It should also work with river scientists to develop a strategy for the dam’s operation that will secure the river flows tribal people depend on for their crop production and livestock grazing.

Meanwhile, the humanitarian crisis worsens in the Omo Valley, with the potential for more starvation and, as land and water resources dwindle, more conflict between the tribes and local governments. The forced resettlement of the indigenous Omo people leaves them with no sustainable means of feeding themselves or their livestock.

Donor countries that provide aid to Ethiopia could help by putting pressure on the government to remedy the tragic consequences now unfolding.

As my source communicated to me: Educated pastoral people “are too afraid to say the truth….I understand! But the truth is people are starving.”

Sandra Postel is director of the Global Water Policy Project, Freshwater Fellow of the National Geographic Society, and author of several books and numerous articles on global water issues.  She is co-creator of Change the Course, the national freshwater conservation and restoration campaign being piloted in the Colorado River Basin.

Comments

  1. QualisRex
    Palermo
    March 11, 3:21 pm

    OK, this is getting ridiculous. I need to expose what the propagandist “Maxim” posted below: the pictures are of Surma people in SOUTH SUDAN who were beaten and arrested by SOUTH SUDAN police (you can even read the word “South” on the truck) . Once again…South Sudan…NOT Ethiopia. You people will stop at nothing to defame Ethiopia, even resorting false information, which ANYONE can easily verify: http://www.humanityhelpingsudanproject.org/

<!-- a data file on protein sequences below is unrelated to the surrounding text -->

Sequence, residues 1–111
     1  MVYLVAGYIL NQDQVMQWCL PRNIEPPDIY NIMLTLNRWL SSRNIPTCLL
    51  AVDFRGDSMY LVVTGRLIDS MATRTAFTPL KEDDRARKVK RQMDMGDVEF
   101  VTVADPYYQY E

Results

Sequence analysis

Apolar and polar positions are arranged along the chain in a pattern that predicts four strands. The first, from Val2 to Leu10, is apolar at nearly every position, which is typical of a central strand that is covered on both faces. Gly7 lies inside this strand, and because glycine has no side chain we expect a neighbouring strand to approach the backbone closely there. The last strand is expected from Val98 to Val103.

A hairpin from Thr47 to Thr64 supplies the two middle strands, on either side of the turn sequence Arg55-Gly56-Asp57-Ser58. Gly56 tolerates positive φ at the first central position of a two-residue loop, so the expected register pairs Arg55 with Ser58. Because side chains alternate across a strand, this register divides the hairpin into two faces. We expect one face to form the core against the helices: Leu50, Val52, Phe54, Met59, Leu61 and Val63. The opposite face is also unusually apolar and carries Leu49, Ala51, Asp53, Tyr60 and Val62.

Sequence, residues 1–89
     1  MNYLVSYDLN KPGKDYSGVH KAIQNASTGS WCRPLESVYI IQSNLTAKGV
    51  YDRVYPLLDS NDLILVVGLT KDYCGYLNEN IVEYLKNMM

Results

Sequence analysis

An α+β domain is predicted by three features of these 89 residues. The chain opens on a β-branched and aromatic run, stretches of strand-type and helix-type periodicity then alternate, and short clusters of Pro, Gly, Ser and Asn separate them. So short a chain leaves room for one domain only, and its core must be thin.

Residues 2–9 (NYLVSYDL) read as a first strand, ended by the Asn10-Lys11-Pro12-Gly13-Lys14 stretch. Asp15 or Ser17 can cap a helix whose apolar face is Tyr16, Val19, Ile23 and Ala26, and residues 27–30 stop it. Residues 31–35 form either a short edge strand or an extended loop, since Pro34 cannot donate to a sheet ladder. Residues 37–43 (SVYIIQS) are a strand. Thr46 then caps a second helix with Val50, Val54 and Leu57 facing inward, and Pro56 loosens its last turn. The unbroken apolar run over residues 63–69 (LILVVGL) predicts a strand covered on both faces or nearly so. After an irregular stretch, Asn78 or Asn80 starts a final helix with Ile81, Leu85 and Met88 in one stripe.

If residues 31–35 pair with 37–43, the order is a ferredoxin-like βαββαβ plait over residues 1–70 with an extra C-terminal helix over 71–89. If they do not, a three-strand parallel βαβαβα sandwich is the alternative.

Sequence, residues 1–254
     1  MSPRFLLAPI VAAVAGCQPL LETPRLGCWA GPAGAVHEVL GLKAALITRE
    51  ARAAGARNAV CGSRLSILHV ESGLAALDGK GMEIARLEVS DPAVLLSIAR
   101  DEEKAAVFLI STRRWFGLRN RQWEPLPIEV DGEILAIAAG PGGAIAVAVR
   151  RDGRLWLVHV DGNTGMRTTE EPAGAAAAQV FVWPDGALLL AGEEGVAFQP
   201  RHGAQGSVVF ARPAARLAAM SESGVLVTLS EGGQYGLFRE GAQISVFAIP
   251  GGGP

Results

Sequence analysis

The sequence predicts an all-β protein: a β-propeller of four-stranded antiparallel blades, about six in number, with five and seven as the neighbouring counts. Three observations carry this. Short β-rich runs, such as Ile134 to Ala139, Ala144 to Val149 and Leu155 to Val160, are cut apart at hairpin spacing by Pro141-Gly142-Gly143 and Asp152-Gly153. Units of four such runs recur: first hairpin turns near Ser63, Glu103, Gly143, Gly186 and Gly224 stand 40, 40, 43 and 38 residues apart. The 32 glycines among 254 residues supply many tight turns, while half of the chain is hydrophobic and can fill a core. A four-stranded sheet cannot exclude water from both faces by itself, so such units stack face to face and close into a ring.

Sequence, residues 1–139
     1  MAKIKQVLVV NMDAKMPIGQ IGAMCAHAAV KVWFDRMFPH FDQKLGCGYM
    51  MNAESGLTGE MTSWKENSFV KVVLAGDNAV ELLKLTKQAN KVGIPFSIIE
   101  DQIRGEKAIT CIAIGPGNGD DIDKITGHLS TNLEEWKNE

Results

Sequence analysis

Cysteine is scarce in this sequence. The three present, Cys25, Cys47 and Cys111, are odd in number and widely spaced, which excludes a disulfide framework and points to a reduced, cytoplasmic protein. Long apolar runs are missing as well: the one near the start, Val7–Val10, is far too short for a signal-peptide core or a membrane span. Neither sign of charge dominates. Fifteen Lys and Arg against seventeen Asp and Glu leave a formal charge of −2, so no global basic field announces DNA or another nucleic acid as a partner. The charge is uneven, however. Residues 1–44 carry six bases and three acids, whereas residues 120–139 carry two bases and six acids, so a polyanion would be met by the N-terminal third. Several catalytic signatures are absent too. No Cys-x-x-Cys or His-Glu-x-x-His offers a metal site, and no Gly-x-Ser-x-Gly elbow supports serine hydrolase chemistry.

http://ethsat.com/a-former-mp-says-crime-against-the-surma-people-had-links-to-land-grab-and-land-taken-by-south-sudan/

  2. Maxim
    NA
    March 6, 11:01 am
  3. Abyssinian2000EC
    Djibouti
    January 29, 9:26 am

    All your evidences are from Ethiopias foe institutions (Oakland Institute, survival int’nal & Int’nal rivers …) which are crying infront of any bank that can lend money to Ethiopia. They want to see Ethiopia always looking for WFP food aid & we be guided by white chauvinists for their amusement.

    Who are you people by the way to care for Ethiopians more than the people and government of Ethiopia.
    Ethiopia which has been once a super power 3000 years before Amerigo vispuchi was born (where the name America is derived) is working hard to pull out its people from the darkness through clean & green energy.

    Regardless of all the conspiracies coming from white chauvinists & Arabization deeds, Ethiopia is marching on the right track towards its ancient position in its own relentless effort.